- What’s the difference between artisan cheese and cheese I can buy in any grocery store?
- What do “artisan” and “farmstead” mean?
- How much milk does it take to make a pound of cheese?
- How can I schedule to see some of the cheesemaker’s who have tours by appointment?
- What’s the best way to store cheese?
- What’s the best way to eat cheese?
- How soon do I need to eat the cheese once I’ve purchased it?
- Can I eat the cheese if there is dark mold on it?
- Who is behind the making of the map and the app?
The cheeses made by artisan cheesemakers are made in small batches and often reflect the unique flavor of a region and the cheesemaker’s own creativity.
An artisan cheesemaker makes cheese in small batches, making anywhere from a few pounds to a few hundred pounds at a time. A farmstead cheesemaker makes cheese with milk from animals on their own farm.
To make one pound of cheese, it takes about five pounds of sheep’s milk, or seven pounds of goat milk or 10 pounds of cow’s milk.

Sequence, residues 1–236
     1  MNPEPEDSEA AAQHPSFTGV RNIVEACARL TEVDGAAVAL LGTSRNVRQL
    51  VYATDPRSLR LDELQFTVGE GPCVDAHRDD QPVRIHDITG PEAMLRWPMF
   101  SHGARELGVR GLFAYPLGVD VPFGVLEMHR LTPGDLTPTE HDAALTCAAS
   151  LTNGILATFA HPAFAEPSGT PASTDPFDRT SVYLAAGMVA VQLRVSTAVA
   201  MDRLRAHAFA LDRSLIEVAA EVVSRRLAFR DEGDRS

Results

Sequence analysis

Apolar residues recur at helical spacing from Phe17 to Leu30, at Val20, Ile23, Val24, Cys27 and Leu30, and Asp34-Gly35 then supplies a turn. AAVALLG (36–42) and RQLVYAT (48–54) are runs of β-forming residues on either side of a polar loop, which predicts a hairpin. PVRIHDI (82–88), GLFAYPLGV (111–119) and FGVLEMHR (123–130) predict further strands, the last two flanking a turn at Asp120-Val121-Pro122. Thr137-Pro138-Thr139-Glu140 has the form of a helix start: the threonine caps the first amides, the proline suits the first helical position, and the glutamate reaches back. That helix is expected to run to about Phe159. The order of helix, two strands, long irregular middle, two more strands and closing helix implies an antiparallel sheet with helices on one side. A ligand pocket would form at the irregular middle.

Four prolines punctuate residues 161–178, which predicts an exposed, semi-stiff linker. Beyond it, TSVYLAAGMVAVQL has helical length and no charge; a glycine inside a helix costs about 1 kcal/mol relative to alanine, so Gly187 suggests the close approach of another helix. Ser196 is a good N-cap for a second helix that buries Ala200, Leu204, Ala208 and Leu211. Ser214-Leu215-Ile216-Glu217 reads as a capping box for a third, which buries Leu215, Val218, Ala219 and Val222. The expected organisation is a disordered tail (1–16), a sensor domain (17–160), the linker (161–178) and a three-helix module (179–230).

Note that most cheesemakers will have tours during from spring through fall when fields are dry and animals are milking.
After you’ve opened your cheese and eaten a bit, rewrap the cheese in wax or butcher paper and store it in your vegetable crisper. Try to avoid wrapping it in plastic as it can impart an off-flavor to your cheese.
At room temperature. Take the cheese out of the refrigerator about an hour before serving so that you can taste all the nuances of its flavors.
Usually, it’s best to eat cheese within two weeks after purchase. That way you will taste the cheese as the cheesemaker meant you to.
If you see mold on a fresh cheese like cottage cheese or a soft cheese, it’s best to throw it out. However, with a soft cheese like Brie or a harder cheese, you can feel comfortable cutting off the mold and eating the rest.
The map and app were created by Vivien Straus and Ellie Rilla. Design by Lisa Krieshok. Both continue to be overseen and updated by Vivien Straus under the umbrella of the Marin Economic Forum with ongoing funding coming from Whole Foods Northern California and Marin Visitor and Convention Bureau.